oh and… join & participate actively in groups on LI… as that’s important for people to see that you have something of value to say and contribute 🙂

    Keep those posts coming David!
    Cheers
    @ThomasMarzano

    Reply
    1. David Graham Post author

      Thank you Thomas. One feature that LinkedIn offers is the ability to include Slideshare presentations into your profile. It is really easy to upload PowerPoint presentations and .pdf documents to your slideshare account. Besides the social sharing links provided by Slideshare, your slideshare documents render superbly. The same goes for Youtube. It is relatively simple to share into relevant groups from updates. Thank you very much for your input.

      Reply
  3. Martin Slabbert-Capper

    Another great post, David. Yes, very good pieces of advice. I see so many people who use Linkedin with no clear strategy in mind – you’re promoting your own personal brand, so why not do it properly? You cannot be half pregnant! Best wishes for the year ahead.

    Reply
    1. David Graham Post author

      Thank you Martin. I read an interesting article which stated that people were less likely to “lie” on their LinkedIn profile as opposed to their resume.

      Reply
  4. Rachel Miller (@AllthingsIC)

    Thanks for sharing David, this is a useful overview. One thing I’d add on the photo point is to ensure ladies aren’t wearing strapless tops – as this often looks like they aren’t wearing one at all – and I’m sure that’s not the impression they were planning to give!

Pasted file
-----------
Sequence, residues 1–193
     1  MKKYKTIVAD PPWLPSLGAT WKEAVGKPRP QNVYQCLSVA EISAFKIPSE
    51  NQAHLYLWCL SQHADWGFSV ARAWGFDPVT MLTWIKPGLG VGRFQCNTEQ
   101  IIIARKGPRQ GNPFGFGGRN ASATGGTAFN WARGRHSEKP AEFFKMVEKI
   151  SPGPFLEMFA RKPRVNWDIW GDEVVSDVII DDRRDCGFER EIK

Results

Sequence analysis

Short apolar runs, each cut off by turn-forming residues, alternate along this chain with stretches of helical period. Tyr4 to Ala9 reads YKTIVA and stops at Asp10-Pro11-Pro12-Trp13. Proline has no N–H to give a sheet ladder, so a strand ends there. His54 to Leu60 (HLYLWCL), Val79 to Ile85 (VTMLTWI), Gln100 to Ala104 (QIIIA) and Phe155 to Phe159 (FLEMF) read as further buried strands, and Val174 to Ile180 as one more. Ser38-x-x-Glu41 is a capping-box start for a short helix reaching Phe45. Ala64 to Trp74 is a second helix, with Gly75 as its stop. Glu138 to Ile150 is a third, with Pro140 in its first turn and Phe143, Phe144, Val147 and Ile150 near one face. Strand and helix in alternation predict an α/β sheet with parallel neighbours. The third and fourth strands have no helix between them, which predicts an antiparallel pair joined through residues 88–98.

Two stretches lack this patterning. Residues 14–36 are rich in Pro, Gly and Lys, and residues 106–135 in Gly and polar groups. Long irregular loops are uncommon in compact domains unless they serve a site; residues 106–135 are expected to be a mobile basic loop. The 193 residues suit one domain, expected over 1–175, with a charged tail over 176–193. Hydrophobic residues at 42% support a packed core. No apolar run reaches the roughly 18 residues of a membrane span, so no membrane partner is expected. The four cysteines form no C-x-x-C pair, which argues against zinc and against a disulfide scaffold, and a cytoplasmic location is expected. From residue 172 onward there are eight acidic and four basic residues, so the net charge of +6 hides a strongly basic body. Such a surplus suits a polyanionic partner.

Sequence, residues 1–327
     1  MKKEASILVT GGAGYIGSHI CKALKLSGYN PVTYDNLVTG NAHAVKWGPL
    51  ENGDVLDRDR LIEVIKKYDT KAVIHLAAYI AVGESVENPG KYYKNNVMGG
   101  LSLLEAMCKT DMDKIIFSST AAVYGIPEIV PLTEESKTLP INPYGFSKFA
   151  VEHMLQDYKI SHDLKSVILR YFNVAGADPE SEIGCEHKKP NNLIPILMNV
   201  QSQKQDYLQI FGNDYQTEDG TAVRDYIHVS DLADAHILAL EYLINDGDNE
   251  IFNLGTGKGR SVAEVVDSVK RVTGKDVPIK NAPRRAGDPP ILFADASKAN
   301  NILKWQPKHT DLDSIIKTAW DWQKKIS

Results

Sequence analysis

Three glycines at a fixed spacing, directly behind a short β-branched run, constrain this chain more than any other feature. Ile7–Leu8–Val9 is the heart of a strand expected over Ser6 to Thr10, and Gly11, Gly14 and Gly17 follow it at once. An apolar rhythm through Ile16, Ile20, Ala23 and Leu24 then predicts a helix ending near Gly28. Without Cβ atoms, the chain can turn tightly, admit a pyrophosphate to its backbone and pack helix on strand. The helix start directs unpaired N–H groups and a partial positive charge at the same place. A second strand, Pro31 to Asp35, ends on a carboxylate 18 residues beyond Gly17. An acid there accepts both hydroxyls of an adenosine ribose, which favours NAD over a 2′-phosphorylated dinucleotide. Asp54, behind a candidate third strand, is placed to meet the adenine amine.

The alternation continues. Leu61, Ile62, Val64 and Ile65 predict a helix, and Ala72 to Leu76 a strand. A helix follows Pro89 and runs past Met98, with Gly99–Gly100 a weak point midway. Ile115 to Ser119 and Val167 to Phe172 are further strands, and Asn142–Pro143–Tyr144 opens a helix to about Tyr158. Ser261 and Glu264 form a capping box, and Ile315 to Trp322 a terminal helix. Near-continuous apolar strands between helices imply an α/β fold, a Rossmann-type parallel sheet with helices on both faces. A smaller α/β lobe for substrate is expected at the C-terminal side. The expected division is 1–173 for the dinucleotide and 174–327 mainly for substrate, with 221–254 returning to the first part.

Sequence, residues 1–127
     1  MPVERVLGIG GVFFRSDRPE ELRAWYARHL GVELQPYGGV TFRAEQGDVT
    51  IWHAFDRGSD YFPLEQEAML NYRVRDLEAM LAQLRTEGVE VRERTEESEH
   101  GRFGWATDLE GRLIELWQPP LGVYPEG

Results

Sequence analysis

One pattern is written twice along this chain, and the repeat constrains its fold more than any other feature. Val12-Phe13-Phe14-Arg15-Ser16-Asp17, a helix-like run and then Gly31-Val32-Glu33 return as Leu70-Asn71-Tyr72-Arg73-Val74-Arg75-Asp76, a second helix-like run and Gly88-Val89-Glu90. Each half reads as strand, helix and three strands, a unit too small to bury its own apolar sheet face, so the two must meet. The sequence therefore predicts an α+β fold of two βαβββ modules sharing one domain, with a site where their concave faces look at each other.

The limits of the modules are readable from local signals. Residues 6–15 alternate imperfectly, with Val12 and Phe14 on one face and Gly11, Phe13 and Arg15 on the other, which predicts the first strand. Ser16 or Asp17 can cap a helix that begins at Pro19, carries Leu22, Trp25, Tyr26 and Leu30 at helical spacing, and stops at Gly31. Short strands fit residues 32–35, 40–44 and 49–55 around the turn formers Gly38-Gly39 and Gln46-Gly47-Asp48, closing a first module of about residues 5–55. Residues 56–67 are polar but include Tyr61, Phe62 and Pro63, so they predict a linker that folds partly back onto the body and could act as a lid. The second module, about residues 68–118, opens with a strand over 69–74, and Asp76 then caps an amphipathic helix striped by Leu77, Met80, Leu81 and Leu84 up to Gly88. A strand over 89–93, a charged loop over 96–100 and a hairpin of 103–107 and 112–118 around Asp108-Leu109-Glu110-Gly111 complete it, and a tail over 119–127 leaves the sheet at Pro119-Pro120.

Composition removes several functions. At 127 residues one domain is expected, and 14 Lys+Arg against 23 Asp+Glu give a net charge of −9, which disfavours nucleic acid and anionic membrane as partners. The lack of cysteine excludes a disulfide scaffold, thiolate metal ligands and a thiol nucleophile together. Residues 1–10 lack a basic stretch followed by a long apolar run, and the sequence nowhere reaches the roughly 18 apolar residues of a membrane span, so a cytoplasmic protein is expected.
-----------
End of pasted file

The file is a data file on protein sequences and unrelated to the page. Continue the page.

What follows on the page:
I also agree with choosing and reviewing groups, I went through my list a couple of days ago and updated my group membership to ensure I’m a member of ones that are of interest to me. As your career evolves you may find your choices change, so keeping that list relevant to you is key, Rachel

    Reply
    1. Kudzai Chigiji

      I agree completely. I’ve noticed a lot of “less-than-professional” picutres on Linked In of late. I’d recommend a blazer or jersey for all women to ensure a professional image.

      Reply
  5. Linked Media Group (@LinkedMedia)

    Great Content David – to underscore your point about SlideShare integration, we have seen much more marketing ROI for clients by helping them set up a paid account (very affordable) with SlideShare and integrating with LinkedIn. LinkedIn owns SlideShare and we expect to see tighter integration with both platforms moving forward. Another great thing to do with a personal profile is to Keyword Optimize your links (you have three).

    Reply
  6. Stephen Huppert (@stephenhuppert)

    Another good article, David. Here are a couple of additional thoughts that I have on LinkedIn.

    Users need to focus on the ‘social’ of ‘social media’. Let people know that they are connecting to a person who is interested in them and their views,

    1. When inviting people to connect, add something to the standard invite. Maybe let the person know why you would like to connect or comment on a recent interaction with that person